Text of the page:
Mrs. Rosner was frantic when she called to report that their cocker spaniel, Monty, had just appeared at the back door with a baby rattlesnake in his mouth. She and her husband were pretty sure that it had bitten him on the muzzle, so they rushed Monty to our hospital right away. As I entered the treatment area, I could see that Monty was panting and uncomfortable. After carefully examining him for any puncture wounds that might indicate a snake bite, I noticed two tiny spots of blood on his muzzle.
To evaluate the severity of this bite, we drew a blood sample to run tests. When I looked at a drop of his blood under the microscope, I found further evidence that the snake venom was at work. The red blood cells, normally round and smooth, had formed spikes on their outer membranes. We sometimes see these damaged cells, called echinocytes, as a result of a rattlesnake bite. Also, the remaining tests showed that Monty’s blood wasn’t clotting properly.
Besides affecting the blood itself, a rattlesnake bite disrupts the integrity of the blood vessels. Combined with the change of normal blood clotting mechanisms, as we were seeing in Monty’s case, this can lead to dramatic swelling, with up to a third of the total blood circulation being lost into the tissues in a matter of hours. Sometimes, if the swelling persists despite antivenin treatment, so much blood is lost from circulation that the dog dies of shock.
We immediately started Monty on intravenous fluids to replace the lost blood, pain medication to ease his discomfort, injections of antihistamine to minimize a possible allergic reaction to the antivenin, and antibiotics to prevent an infection from the bite wounds themselves. We followed with his first vial of antivenin to counteract the poison. Since dogs can have an immediate and severe allergic response to the antivenin, we gave it very slowly and watched for signs of a reaction. Monty did fine with this injection. We attached an ECG so that we could monitor his heart, got ready to measure the swelling on his muzzle every 15 minutes, and retested his clotting abilities and red blood cell count.
After 15 minutes, we discovered that the swelling was getting worse, and it had spread farther back onto Monty’s head and around his neck. He started to have trouble breathing. We began giving him the second vial of antivenin and rechecked his blood values. I explained to Monty’s owners that the next step would be either to sedate Monty and place a breathing tube, or to perform an emergency tracheostomy, a cut into the windpipe to allow Monty to breathe better. He would also need blood transfusions.
Unfortunately, Monty had a couple of factors working against him in his encounter with the rattlesnake. First, he was bitten on the face, making it more likely that he would have breathing trouble. And his relatively small size made it more difficult for his body to overcome the effects of the venom. I explained, in light of the severity of Monty’s reaction to the bite and his failure to respond to the treatments thus far, it was looking like he might not pull through.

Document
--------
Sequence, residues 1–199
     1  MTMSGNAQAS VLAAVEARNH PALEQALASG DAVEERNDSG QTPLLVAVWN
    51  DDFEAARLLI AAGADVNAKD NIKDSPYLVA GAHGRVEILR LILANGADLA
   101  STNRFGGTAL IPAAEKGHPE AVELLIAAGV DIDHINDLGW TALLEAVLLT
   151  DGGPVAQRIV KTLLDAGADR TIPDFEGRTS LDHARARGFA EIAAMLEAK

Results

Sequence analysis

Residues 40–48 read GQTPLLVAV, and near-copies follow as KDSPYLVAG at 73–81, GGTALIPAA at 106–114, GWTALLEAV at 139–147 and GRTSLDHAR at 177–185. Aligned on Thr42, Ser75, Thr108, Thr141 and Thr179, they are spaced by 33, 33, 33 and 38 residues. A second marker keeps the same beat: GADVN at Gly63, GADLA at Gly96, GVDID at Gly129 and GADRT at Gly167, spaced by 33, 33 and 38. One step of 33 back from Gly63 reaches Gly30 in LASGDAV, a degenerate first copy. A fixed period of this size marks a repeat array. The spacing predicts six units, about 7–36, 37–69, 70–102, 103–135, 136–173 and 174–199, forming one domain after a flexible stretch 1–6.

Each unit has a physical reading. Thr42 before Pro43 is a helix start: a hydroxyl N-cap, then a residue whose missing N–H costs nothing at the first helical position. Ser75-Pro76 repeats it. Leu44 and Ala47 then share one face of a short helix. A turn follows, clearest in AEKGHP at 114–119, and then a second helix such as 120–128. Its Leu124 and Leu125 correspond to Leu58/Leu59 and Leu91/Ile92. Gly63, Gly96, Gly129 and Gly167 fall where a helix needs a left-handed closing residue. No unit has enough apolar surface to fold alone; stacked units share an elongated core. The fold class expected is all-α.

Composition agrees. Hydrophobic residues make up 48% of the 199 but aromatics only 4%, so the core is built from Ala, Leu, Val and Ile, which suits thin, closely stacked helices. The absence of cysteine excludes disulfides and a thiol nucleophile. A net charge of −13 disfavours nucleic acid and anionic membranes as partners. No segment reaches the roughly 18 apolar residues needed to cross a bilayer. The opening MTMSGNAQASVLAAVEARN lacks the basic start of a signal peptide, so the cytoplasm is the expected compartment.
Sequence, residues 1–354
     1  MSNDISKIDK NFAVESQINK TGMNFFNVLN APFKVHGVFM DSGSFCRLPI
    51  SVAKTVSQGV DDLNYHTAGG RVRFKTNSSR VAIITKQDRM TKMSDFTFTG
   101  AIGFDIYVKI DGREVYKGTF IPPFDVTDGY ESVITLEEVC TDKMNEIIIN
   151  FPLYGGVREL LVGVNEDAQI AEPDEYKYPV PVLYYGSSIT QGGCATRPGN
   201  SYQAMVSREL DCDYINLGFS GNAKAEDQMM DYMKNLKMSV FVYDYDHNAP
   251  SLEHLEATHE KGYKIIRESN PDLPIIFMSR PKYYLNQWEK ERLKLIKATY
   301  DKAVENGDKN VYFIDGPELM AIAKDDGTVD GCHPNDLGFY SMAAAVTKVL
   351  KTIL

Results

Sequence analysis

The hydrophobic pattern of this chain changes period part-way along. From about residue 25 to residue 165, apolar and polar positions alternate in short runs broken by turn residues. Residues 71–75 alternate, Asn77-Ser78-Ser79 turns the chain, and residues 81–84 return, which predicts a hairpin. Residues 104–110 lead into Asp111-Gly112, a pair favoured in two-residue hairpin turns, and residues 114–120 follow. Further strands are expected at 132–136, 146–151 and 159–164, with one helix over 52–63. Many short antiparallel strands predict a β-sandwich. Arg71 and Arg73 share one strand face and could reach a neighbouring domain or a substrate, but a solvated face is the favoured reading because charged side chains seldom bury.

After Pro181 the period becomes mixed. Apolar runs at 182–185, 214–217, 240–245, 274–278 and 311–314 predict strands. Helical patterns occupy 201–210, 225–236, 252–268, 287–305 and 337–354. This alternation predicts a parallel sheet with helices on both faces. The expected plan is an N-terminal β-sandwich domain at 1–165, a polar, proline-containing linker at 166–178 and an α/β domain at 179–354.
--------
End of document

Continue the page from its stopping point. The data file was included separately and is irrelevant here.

With Monty’s condition continuing to decline the Rosners and I discussed other options, including euthanasia. Though they were grief-stricken by the thought of the loss of Monty, they made the very difficult decision to end his suffering. I assured them that this was probably the best action to take with Monty, who had gone downhill fast with no certain outcome of improvement. So they said their final goodbyes to Monty while I placed him into his last peaceful sleep.
Avoiding or Treating Snakebites
Getting out and enjoying nature with you dog is usually a wonderful experience for both of you. But since encounters between dogs and rattlesnakes can be so serious, it pays to think about the possibility ahead of time. When out walking, hiking or camping with your dog, take precautions from early morning to late evening, as temperature, season and humidity can all affect just when rattlesnakes will be active.
Some people mistakenly believe that rattlers are active only during the hottest hours. Actually, they often rest during the heat of the day, sheltered from the sun. Like their predominantly rodent prey, these snakes are instead most active during the evening, night and morning hours.
Most snake bites to humans occur when snakes are either inadvertently stepped on or when people are trying to kill or catch them. Unfortunately, the same rattle that serves as a warning to people and is effective in preventing an unfortunate encounter, serves as a source of attraction to our curious canine friends, often leading to bites on the face or paws.
It’s a good idea to keep your pet on a leash when hiking or exploring rattlesnake habitat, so that if you hear a rattle, you can keep your pet away from the snake. If your dog is bitten by a rattlesnake, we recommend that you do not use ice or other cold applications and that you do not apply a tourniquet as these may increase the dog’s anxiety and cause him to struggle, making the effects of the snakebite worse. Instead, keep your dog as calm and quiet as possible and drive immediately to the nearest veterinarian.
Dr. Deirdre Brandes is a veterinarian at the Rancho Santa Fe Veterinary Hospital located at Helen Woodward Animal Center. She can be reached at 858-759-8797. The cases described in Veterinary Vitals are true stories, but the author has changed details about the patients to protect their privacy.